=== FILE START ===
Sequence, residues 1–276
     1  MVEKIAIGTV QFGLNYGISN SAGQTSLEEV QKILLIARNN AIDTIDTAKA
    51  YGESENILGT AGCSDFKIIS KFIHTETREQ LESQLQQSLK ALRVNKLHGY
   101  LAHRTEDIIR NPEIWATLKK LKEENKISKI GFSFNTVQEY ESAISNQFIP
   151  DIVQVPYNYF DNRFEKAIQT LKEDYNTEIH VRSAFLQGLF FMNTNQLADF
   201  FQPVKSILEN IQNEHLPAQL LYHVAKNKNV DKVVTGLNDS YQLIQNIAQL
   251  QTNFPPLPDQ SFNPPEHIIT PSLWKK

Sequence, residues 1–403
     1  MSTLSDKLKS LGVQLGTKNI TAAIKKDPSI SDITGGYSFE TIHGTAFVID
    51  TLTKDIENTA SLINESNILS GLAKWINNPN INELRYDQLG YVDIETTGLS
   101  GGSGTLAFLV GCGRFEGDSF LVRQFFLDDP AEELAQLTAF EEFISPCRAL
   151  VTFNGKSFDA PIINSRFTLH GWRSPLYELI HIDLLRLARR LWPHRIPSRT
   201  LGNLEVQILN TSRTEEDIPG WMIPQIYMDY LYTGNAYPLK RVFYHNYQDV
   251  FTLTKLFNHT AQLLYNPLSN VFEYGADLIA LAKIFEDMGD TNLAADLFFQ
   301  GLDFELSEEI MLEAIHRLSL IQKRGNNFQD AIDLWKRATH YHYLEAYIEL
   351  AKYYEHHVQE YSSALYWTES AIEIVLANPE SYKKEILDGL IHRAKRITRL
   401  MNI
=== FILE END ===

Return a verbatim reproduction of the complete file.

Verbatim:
Sequence, residues 1–276
     1  MVEKIAIGTV QFGLNYGISN SAGQTSLEEV QKILLIARNN AIDTIDTAKA
    51  YGESENILGT AGCSDFKIIS KFIHTETREQ LESQLQQSLK ALRVNKLHGY
   101  LAHRTEDIIR NPEIWATLKK LKEENKISKI GFSFNTVQEY ESAISNQFIP
   151  DIVQVPYNYF DNRFEKAIQT LKEDYNTEIH VRSAFLQGLF FMNTNQLADF
   201  FQPVKSILEN IQNEHLPAQL LYHVAKNKNV DKVVTGLNDS YQLIQNIAQL
   251  QTNFPPLPDQ SFNPPEHIIT PSLWKK

Sequence, residues 1–403
     1  MSTLSDKLKS LGVQLGTKNI TAAIKKDPSI SDITGGYSFE TIHGTAFVID
    51  TLTKDIENTA SLINESNILS GLAKWINNPN INELRYDQLG YVDIETTGLS
   101  GGSGTLAFLV GCGRFEGDSF LVRQFFLDDP AEELAQLTAF EEFISPCRAL
   151  VTFNGKSFDA PIINSRFTLH GWRSPLYELI HIDLLRLARR LWPHRIPSRT
   201  LGNLEVQILN TSRTEEDIPG WMIPQIYMDY LYTGNAYPLK RVFYHNYQDV
   251  FTLTKLFNHT AQLLYNPLSN VFEYGADLIA LAKIFEDMGD TNLAADLFFQ
   301  GLDFELSEEI MLEAIHRLSL IQKRGNNFQD AIDLWKRATH YHYLEAYIEL
   351  AKYYEHHVQE YSSALYWTES AIEIVLANPE SYKKEILDGL IHRAKRITRL
   401  MNI